The history of mankind is the history of ideas. For it is ideas, theories and cortices that guide human action, determine the ultimate ends men aim at, and the choice of means employed for the attainment of these ends. The sensational events which stir the emotions and catch the interest of superficial observers are merely the consummation of ideological changes. (518, emphasis added) 
As Virgil Storr notes, Mises’s comments in the Epilogue on the unpopularity of free markets could have been written today. The Epilogue was written for the Spanish translation of the book and is known in the English language as Planned Chaos: perhaps the title which best summarizes the Misesian view of socialism. Socialism promises economic order instead of anarchy of production, but ends up in chaos and misery.
One key element of those comments concerns the role of intellectuals. I have mentioned Mises’s prose before. It is brilliant but more than anything else, it is clear. From Socialism, it appears that Mises had a model a contrario for his own - and that was Marx.
As a scientific writer Marx was dry, pedantic, and heavy. The gift of expressing himself intelligibly had been denied him. In his political writings alone does he produce powerful effects, and these only by means of dealing antitheses and of phrases which are easy to remember, sentences which by play of words hide their own vacuity. In his polemics he does not hesitate to distort what his own opponent had said. Instead of refuting, he tends to abuse. (416)
Content and style “constitute yolk and white in a scrambled egg.”[2] Mises obviously aspired to write in almost the opposite way, as he meant not to produce a “powerful effect” but to drive his readers toward a better understanding of economic processes. He did so thinking of laymen as his main audience: not other clerics of the social sciences.
He held these clerics responsible for many a worrisome development. Mises thought that “the masses favor socialism because they trust the socialist propaganda of the intellectuals…. The intellectual leaders of the peoples have produced and propagated the fallacies which are on the point of destroying liberty and Western civilization. The intellectuals alone are responsible for the mass slaughters which are the characteristic mark of our century” (540). These are strong words, but Mises was hardly alone in finding men of words responsible for totalitarianism (either of the socialist or the national socialist kind).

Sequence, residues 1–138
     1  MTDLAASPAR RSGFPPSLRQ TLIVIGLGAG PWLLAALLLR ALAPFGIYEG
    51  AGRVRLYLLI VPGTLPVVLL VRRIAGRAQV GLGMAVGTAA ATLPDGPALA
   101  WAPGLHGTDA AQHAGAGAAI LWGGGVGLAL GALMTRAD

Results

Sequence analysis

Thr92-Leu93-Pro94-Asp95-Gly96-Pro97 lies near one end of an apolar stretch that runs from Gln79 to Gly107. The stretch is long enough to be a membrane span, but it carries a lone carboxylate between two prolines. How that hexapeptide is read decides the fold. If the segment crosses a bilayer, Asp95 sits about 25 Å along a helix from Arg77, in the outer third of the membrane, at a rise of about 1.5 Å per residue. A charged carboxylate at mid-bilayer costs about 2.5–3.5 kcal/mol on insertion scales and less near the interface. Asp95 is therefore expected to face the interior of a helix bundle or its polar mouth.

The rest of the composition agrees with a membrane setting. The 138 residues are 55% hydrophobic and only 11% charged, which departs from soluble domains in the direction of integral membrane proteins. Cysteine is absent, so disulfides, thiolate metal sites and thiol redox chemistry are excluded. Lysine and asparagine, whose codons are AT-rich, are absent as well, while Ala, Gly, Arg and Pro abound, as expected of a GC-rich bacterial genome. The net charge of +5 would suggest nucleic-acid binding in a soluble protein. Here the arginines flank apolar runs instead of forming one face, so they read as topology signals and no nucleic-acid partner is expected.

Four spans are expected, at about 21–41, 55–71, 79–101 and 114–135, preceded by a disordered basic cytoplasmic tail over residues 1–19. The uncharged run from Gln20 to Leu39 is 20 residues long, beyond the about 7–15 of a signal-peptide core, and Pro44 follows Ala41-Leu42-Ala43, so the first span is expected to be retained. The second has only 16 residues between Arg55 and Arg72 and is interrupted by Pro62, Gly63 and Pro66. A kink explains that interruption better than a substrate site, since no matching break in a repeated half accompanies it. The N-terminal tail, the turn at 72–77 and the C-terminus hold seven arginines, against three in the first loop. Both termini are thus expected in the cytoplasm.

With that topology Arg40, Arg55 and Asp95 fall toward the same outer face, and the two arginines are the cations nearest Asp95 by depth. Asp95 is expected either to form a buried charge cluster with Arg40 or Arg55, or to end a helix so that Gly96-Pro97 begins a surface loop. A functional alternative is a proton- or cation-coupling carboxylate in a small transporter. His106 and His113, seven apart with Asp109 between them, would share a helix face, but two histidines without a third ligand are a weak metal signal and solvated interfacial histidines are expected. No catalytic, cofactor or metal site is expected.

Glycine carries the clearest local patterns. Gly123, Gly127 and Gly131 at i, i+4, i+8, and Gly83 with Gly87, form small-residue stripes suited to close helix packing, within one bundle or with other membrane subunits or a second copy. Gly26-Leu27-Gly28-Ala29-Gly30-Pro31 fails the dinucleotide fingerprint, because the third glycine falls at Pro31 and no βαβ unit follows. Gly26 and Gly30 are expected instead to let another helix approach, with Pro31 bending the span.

Even an author who is not very likely to have read Mises, like Eric Hoffer (1902-1983), agrees. He notes that mass movements, some of which end up in promoting mass slaughters, “do not usually rise until the prevailing order has been discredited. The discrediting is not an automatic result of the blunders and abuses of those in power, but the deliberate work of men of words with a grievance.”[3]
Hoffer thought that, even in the United States of his times, an “army of scribes” was “clamoring for a society in which planning, regulation, and supervision are paramount and the prerogative of the educated.”[4] He saw a trend in history: scribes and traders as antithetical figures well before the industrial age. Mises long pondered the source of the anticapitalist mentality and pointed out that it is profoundly rated with a disdain for the ordinary person. 
Do these insights still apply in a world where intellectuals seem to have little or no influence? That is an important question to ask ourselves, thinking of how, as Storr reports, “American attitudes towards socialism have softened in recent years.” Are these simply seeds planted a long time ago, which are now blossoming? Are intellectuals perhaps more influential than the world of Instagram allows us to imagine? Or is socialism simply a dream which, whatever its faults, is better attuned to our fundamental moral intuitions than any other system of ideas, and capitalist prosperity is finally allowing us to go for it?
[1] See Engels (1882), Socialism: Utopian and Scientific (Moscow: Progress Publishers,1970).
[2] McCloskey (2019), Economical Writing. Third Edition (Chicago: University of Chicago Press), 6.
[3] Hoffer (1951), The True Believer: Thoughts on the Nature of Mass Movements (New York: Harper Perennial, 2002), 130.
[4] Hoffer (1963), The Ordeal of Change (Titusville, NJ: Hopewell, 2006), 94.